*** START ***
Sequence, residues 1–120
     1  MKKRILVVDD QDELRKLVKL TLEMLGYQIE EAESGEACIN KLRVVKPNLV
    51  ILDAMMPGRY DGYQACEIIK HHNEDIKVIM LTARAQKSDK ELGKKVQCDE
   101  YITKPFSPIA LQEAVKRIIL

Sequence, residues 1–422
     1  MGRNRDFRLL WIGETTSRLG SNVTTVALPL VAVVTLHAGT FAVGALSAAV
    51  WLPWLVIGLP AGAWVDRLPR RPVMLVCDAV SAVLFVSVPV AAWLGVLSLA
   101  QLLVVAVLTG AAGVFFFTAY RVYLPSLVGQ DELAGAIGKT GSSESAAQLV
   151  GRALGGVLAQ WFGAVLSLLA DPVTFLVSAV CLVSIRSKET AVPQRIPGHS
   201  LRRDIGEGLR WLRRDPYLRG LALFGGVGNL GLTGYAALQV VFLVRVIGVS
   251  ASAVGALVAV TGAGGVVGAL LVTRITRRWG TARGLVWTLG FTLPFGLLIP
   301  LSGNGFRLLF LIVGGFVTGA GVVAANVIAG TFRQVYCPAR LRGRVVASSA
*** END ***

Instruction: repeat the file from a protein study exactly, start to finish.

Sequence, residues 1–120
     1  MKKRILVVDD QDELRKLVKL TLEMLGYQIE EAESGEACIN KLRVVKPNLV
    51  ILDAMMPGRY DGYQACEIIK HHNEDIKVIM LTARAQKSDK ELGKKVQCDE
   101  YITKPFSPIA LQEAVKRIIL

Sequence, residues 1–422
     1  MGRNRDFRLL WIGETTSRLG SNVTTVALPL VAVVTLHAGT FAVGALSAAV
    51  WLPWLVIGLP AGAWVDRLPR RPVMLVCDAV SAVLFVSVPV AAWLGVLSLA
   101  QLLVVAVLTG AAGVFFFTAY RVYLPSLVGQ DELAGAIGKT GSSESAAQLV
   151  GRALGGVLAQ WFGAVLSLLA DPVTFLVSAV CLVSIRSKET AVPQRIPGHS
   201  LRRDIGEGLR WLRRDPYLRG LALFGGVGNL GLTGYAALQV VFLVRVIGVS
   251  ASAVGALVAV TGAGGVVGAL LVTRITRRWG TARGLVWTLG FTLPFGLLIP
   301  LSGNGFRLLF LIVGGFVTGA GVVAANVIAG TFRQVYCPAR LRGRVVASSA